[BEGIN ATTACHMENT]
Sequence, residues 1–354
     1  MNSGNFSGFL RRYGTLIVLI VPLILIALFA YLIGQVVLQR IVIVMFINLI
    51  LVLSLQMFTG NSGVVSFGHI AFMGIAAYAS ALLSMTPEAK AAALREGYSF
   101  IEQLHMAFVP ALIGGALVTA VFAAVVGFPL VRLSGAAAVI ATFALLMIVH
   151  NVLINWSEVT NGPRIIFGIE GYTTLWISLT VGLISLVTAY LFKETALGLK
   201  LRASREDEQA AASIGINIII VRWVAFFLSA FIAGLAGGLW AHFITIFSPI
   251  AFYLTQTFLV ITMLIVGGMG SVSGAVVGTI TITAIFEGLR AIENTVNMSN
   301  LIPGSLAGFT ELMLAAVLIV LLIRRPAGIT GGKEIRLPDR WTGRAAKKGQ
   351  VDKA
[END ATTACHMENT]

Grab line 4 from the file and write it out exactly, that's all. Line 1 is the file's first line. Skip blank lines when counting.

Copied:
   101  IEQLHMAFVP ALIGGALVTA VFAAVVGFPL VRLSGAAAVI ATFALLMIVH